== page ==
Selling physical products: the business model of our forefathers.
As much as many Gen Z's would beg to differ, older generations still think digital goods are not as valuable as physical things. As a hardware startup, you have the unique advantage of always having a physical product on offer. So as long as your software layer isn't adding too much to your running costs, you could always go the old-fashioned way of bringing in revenue from product sales. This approach is especially fitting if you're marketing your product to older generations, have considerably high manufacturing risks, or if your product doesn't need to connect to the internet.
With that said, there are ways to generate additional revenue from product sales alone or in combination with another business model:
Selling Add-ons and Accessories
This one is also called razors and blades
If you can add functionality or aesthetic elements to your product through add-ons, this could be a good way to go. This approach is especially fit for wearables as these products demand more customization than others. Alternatively, if modularity is something you can achieve with your product (Google Ara was definitely going for this), you can sell additional features like enhanced connectivity, sensor, and battery life. Before you choose this strategy, you should make sure you can deliver the desired functionality without the need for add-ons in the beginning, focus your resources on launching your main product first, and then start staging add-ons once you have a sizeable customer base. An exception to this is products that consume material to fulfill a need, which you may need to manufacture on par with the main product.
In terms of manufacturing, we suggest you go back to your QC sheets to see if everything is being manufactured according to the design first. If the add-on product is put in/on the main product, deviations from the original design (especially casing) may cause fitting issues.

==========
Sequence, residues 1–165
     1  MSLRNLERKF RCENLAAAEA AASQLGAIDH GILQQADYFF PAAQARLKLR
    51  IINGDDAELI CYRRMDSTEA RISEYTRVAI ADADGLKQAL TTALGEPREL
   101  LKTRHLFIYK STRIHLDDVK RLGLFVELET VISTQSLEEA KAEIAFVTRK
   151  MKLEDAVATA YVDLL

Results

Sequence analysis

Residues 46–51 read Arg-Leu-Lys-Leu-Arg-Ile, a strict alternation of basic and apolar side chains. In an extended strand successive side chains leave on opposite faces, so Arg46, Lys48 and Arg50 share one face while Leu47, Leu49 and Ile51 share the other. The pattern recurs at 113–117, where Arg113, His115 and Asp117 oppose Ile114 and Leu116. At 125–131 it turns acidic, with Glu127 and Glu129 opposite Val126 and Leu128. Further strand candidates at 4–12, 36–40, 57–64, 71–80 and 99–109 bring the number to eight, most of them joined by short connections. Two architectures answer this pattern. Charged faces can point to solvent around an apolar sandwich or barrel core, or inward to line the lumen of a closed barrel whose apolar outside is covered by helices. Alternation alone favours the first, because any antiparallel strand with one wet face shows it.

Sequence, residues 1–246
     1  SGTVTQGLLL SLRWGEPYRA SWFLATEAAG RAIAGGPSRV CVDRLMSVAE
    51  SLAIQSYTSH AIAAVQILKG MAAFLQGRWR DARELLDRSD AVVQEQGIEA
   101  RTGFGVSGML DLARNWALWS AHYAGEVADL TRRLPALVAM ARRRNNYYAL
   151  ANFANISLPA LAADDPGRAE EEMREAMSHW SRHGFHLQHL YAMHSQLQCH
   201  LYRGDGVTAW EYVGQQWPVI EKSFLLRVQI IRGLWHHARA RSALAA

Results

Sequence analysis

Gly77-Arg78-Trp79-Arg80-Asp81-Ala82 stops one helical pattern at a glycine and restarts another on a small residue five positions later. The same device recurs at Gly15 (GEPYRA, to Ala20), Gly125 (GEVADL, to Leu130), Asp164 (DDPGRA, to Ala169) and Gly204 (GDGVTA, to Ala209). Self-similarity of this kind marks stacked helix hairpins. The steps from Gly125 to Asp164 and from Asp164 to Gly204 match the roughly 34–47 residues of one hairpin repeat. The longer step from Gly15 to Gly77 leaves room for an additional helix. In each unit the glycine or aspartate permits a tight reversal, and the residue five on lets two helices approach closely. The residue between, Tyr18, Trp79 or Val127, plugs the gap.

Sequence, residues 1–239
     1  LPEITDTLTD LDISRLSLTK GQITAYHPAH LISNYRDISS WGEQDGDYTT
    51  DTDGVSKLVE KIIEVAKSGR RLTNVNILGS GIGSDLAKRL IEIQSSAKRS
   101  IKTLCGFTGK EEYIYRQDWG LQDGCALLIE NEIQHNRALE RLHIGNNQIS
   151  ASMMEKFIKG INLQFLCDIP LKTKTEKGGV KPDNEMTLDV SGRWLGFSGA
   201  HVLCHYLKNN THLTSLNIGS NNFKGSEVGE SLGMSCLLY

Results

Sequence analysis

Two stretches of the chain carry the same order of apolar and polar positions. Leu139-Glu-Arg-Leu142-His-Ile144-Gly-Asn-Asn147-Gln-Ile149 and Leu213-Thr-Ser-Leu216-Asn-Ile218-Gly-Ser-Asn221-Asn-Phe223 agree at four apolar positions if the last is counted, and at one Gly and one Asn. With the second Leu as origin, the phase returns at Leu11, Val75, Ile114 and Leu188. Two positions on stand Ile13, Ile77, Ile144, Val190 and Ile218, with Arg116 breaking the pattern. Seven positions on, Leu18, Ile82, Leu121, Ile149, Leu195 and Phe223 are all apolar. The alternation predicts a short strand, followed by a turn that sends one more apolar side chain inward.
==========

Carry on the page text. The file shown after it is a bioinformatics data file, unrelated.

Selling additional products as a part of a platform
Many-to-one approach: If you can deliver added value through having one than one product owned by a single user or a household, this approach can go a long way. One of our successful customers, Emlid, sells GNSS RTK receivers, widely used in surveying applications. Users are able to create a node network with multiple Emlid devices, allowing them to survey large batches of land up to one-centimeter accuracy. Another example of this is Teralytic, which sells smart soil sensors. Users are able to pair multiple sensor probes across a farm, which in return aggregates soil data across the land. If your product is in the field of engineering, wearables, or sensor data generation of any kind, focusing on selling more than one product to the same customer, or selling multiple products in one go can make a huge positive impact on your sales targets.
Selling as a part of another product
That's a business idea right there
You don't always need to go the whole distance on your own. A partner who is already close to your customers could also help you take your product to market. This doesn't necessarily mean you will become a B2B business. In order to keep the unique appeal of your product and brand, you should still target your customers directly, instead of relying completely on the partner's brand. Going to market with someone else can help you many problems in distribution, and also make your sales more smooth as long as you work with a well-known brand in your ecosystem. The risk involved in this model is your companion realising that they can make the same product themselves for cheaper. Therefore you should keep your margins humble, and your UX strong if you want to succeed this way.
Bonus: Selling Installation Services
Our awesome customer Teralytic does this
This one is especially relevant if you're in industrial IoT. Some products naturally come with more complex installation procedures. Although you should make it as clear as possible and allow the user to install the product in the first place, you can also offer installation services to those who don't have the time or expertise to figure things out on their own.
Although revenues from IoT solutions are rapidy moving to the software-side, there are products that can still benefit from more traditional sales models. As long as you plan ahead for the costs involved, there's nothing stopping you from piloting different business models early on. If you want to know more, you can always give us a call for a free fireside chat.
Orkun been living in China since 2013. He first came to NexPCB as a customer, and now he's working as the Community Manager here. When he is not busy building electric motorcycles or IoT Steak thermometers, you can find Orkun devising the ultimate baklava recipe.